Release Date: December 11, 2000
|Energy Department to Expand Penn State Research to Study Diesel Engine Durability using Future Clean Fuel Blends|
UNIVERSITY PARK, PA - Spurred by new tailpipe emission standards to take effect later this decade, the nation's automakers and fuel providers have joined with the U.S. government in developing lower-polluting fuels. One such fuel showing promise for reduced pollutants and cleaner air is a blend of diesel fuel and dimethyl ether (DME), an ultra-clean additive that can be made from natural gas, coal, or biomass.
But how will the key components of a diesel engine – especially the fuel injector system – hold up with this new fuel blend?
To find out, the U.S. Department of Energy's fossil energy program will expand an ongoing project with Pennsylvania State University, University Park, PA, to test DME-diesel blends in a campus shuttle bus.
Researchers hope to develop a database of information on how key properties of these fuel blends – such as viscosity, the way the liquid fuel compresses, and its effectiveness in reducing friction (lubricity) – affect the performance, durability, and spray patterns of the fuel injectors.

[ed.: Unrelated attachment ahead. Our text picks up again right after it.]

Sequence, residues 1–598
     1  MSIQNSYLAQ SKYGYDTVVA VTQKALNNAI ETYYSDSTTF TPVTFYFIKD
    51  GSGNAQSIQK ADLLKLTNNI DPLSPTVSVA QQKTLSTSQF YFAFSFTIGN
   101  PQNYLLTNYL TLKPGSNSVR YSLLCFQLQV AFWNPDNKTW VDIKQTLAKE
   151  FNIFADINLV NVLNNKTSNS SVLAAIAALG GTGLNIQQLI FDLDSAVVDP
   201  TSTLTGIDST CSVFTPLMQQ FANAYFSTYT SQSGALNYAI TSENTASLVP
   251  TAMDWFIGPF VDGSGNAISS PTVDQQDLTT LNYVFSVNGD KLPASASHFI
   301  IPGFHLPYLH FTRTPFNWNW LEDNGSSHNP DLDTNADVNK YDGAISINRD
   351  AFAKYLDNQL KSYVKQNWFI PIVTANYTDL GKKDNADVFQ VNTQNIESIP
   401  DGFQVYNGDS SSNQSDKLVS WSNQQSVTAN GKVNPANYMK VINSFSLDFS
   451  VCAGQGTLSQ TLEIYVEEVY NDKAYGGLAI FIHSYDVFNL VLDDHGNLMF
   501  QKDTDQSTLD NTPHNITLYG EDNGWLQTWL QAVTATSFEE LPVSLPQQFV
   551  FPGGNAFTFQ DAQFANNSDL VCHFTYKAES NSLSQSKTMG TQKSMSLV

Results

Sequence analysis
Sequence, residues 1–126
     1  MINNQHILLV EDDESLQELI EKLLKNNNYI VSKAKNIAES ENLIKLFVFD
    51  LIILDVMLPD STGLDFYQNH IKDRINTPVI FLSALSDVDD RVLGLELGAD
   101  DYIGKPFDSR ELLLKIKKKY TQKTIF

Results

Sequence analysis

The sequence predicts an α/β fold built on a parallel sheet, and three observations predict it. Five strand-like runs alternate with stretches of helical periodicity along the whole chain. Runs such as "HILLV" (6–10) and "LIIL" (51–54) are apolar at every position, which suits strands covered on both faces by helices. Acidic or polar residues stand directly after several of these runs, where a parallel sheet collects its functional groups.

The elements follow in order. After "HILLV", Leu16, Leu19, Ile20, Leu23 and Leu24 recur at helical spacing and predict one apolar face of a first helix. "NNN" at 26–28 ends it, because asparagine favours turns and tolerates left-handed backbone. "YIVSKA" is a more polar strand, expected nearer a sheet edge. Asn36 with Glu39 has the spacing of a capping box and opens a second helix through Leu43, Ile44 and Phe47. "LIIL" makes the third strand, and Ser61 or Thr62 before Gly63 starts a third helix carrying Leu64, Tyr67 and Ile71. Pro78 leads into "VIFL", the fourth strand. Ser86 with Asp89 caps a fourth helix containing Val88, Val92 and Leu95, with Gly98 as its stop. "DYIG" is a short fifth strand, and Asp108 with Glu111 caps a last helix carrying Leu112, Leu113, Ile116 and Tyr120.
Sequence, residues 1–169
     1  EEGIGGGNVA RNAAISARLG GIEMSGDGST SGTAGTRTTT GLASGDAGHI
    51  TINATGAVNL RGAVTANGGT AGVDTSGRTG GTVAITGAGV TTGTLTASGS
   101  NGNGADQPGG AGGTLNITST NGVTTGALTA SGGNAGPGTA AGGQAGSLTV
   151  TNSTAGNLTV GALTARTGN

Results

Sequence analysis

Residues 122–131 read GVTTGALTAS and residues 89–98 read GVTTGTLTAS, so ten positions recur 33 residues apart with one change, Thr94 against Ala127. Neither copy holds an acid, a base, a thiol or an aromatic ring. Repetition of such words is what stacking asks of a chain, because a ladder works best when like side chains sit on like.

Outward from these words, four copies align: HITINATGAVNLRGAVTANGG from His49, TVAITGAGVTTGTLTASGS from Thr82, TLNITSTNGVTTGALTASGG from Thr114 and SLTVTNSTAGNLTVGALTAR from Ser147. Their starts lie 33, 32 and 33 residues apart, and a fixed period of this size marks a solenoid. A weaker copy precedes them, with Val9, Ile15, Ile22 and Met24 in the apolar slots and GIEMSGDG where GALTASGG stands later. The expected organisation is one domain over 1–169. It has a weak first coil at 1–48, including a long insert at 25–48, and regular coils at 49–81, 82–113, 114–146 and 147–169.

Firing DME-diesel blends creates challenges for the engine manufacturer. For example, the DME-blended fuel must be injected under high enough pressures (around 90 pounds per square inch) to keep the dimethyl-ether in liquid form. Researchers are especially interested in how the higher pressures affect the wear rate of the injectors and whether additives will be required to improve the fuel's lubricating properties.
The test vehicle in the project will be a campus shuttle bus powered by a Navistar 7.3 liter, V-8 turbodiesel engine currently being modified to operate on the fuel blend. Navistar International and Caterpillar Inc., the manufacturers of the electronic fuel injectors for the engine, will assist the Penn State team in designing and constructing the injector durability test equipment.
The dimethyl ether will be produced by Air Products and Chemicals Inc., Allentown, PA, using an advanced process developed with Energy Department support.
The Energy Department will provide $166,000 for the 2-year project through its National Energy Technology Laboratory in Pittsburgh, PA, and Morgantown, WV. Penn State and its team members will contribute $31,600.
|Contact: David Anna, DOE/NETL, 412-386-4646|